April 16, 2014- Business Briefs

Stonerose names interim director

REPUBLIC — Katherine Meade, a longtime Ferry County resident and business owner, has been named interim executive director of Stonerose Interpretive Center.

“I am thrilled and honored to begin a new chapter of my life and to be a bigger part of the Stonerose family,” she said.

The Stonerose board said it is excited that Meade will build on the last 25 years of Lisa Barksdale and Catherine Brown’s legacy, and take Stonerose to a new level of service.

Property taxes due this month

OKANOGAN – First half property taxes and irrigation assessments are due April 30.

Payments must be postmarked by that date, or paid in person or by credit card, Treasurer Leah McCormack said.

Interest and penalties will start accruing May 1.

Payments may be mailed to Okanogan County Treasurer, P.O. Box 111, Okanogan 98840.

Credit card payments may be made to www.officialpayments.com or 800-272-9829. The jurisdiction number is 5633,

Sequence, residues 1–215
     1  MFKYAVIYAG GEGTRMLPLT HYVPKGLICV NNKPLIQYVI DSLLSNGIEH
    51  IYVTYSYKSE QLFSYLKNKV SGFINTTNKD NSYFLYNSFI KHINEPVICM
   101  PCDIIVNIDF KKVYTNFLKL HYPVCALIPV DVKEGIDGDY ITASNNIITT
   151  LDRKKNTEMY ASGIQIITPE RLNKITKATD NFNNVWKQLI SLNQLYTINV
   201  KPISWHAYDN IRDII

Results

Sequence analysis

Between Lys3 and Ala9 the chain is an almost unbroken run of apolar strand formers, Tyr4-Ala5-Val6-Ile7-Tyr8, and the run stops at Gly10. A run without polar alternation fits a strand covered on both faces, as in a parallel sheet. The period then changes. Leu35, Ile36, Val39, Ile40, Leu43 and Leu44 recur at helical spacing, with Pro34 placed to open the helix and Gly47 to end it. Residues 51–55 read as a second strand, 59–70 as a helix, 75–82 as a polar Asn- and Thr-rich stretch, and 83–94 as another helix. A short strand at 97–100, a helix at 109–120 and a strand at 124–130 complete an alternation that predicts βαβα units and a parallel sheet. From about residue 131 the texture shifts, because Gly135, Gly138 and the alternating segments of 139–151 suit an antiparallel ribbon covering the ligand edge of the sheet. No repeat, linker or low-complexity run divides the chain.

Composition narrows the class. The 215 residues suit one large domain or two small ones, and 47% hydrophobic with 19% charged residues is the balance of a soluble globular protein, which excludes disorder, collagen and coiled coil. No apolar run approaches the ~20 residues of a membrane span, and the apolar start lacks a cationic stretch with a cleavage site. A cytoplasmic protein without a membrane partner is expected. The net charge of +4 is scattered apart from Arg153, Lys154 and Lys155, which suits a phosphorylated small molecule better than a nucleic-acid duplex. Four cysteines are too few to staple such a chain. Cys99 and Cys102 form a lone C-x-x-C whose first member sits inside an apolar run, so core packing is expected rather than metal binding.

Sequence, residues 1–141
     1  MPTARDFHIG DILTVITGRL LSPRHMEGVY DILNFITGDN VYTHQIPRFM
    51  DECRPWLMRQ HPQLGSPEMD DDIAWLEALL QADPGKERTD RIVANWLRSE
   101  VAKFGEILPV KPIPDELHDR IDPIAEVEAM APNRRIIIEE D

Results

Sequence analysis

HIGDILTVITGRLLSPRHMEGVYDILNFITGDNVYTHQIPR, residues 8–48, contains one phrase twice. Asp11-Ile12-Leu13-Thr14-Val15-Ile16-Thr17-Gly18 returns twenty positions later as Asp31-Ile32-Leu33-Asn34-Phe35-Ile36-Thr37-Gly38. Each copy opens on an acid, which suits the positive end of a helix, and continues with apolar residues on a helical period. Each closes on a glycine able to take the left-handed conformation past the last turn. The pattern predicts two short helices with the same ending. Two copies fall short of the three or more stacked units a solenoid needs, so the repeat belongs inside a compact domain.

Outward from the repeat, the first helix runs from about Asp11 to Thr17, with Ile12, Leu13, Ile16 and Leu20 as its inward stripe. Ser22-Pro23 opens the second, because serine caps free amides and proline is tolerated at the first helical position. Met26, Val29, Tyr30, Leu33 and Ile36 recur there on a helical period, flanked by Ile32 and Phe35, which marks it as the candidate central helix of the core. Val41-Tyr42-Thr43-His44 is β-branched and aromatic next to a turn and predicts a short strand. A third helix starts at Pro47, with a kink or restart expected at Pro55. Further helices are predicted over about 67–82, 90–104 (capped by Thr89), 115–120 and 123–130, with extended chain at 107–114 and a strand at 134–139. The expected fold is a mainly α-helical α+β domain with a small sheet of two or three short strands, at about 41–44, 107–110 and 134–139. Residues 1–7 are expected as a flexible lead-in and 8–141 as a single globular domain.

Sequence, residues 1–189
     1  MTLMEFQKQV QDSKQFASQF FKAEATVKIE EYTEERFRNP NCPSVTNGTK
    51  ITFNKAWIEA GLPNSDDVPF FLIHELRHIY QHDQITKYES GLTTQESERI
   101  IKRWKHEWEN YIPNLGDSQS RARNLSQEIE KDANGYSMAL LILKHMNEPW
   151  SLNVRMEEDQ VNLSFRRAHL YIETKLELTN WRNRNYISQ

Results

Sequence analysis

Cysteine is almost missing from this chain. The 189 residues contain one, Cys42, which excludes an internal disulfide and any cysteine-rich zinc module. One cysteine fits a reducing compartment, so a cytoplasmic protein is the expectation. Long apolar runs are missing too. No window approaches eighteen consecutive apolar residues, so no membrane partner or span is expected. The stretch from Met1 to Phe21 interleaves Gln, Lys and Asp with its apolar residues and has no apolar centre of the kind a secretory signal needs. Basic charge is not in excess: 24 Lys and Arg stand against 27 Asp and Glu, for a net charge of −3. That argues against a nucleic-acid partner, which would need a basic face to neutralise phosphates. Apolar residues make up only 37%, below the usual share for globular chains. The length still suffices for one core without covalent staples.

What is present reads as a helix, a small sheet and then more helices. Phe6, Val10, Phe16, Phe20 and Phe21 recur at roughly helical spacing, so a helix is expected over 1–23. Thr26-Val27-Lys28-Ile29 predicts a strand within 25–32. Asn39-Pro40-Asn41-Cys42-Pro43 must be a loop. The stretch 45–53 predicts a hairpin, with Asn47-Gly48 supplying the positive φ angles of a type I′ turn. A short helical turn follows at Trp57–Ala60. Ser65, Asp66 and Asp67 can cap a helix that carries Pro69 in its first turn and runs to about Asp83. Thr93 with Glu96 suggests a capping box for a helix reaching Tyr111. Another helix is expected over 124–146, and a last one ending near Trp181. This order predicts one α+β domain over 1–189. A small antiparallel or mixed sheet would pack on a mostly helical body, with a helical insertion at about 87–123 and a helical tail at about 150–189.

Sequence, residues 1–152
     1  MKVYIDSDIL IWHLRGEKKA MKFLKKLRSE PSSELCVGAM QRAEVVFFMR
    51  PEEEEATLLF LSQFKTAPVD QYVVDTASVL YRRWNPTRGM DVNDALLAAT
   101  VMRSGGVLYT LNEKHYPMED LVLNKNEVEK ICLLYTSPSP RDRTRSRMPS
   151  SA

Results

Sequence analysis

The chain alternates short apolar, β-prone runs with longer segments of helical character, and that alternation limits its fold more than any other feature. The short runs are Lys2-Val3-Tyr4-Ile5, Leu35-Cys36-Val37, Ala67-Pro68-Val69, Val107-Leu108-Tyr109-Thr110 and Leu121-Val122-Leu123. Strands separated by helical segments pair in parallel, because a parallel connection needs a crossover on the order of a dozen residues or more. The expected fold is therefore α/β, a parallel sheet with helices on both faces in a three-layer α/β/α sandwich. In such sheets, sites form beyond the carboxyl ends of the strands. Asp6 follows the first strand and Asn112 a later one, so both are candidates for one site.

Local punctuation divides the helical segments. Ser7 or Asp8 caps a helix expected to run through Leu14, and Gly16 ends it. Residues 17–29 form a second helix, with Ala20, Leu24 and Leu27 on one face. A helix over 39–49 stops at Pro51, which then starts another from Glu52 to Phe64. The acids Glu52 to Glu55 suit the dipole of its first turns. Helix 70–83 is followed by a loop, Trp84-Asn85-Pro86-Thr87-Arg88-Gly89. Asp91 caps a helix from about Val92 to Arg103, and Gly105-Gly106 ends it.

A convenience fee will be charged.

Cards are not accepted at the counter, 149 N. Third Ave.

Local wine expert judges contest

WINTHROP — Sun Mountain Lodge Wine Director Don Elsing served as a judge last week at the second annual Great Northwest Wine Competition in Hood River, Ore.

More than 900 wines were submitted for consideration from 150 wineries in Washington, Oregon and Idaho.

“Under Don Elsing’s leadership, Sun Mountain Lodge has received numerous awards for its long and impressive wine list,” the lodge said.

“The Wine Cellar at Sun Mountain contains one of the most extensive resort wine collections in the Pacific Northwest: 3,500 bottles and over 420 labels from Washington state.”

Utility contracts

for bird hazing

AZWELL — The Douglas County Public Utility District has amended its contract with Columbia Research to pay up to $30,000 for more bird hazing services at Wells Hatchery, 24621 U.S. Highway 97.

Hazing involves varying methods of disrupting animals to the point they choose to relocate from an area. In this case, the goal is to prevent birds from eating steelhead and salmon.

The three-year agreement with the Chelan-based Columbia Research totals a maximum $290,000.

– The Chronicle


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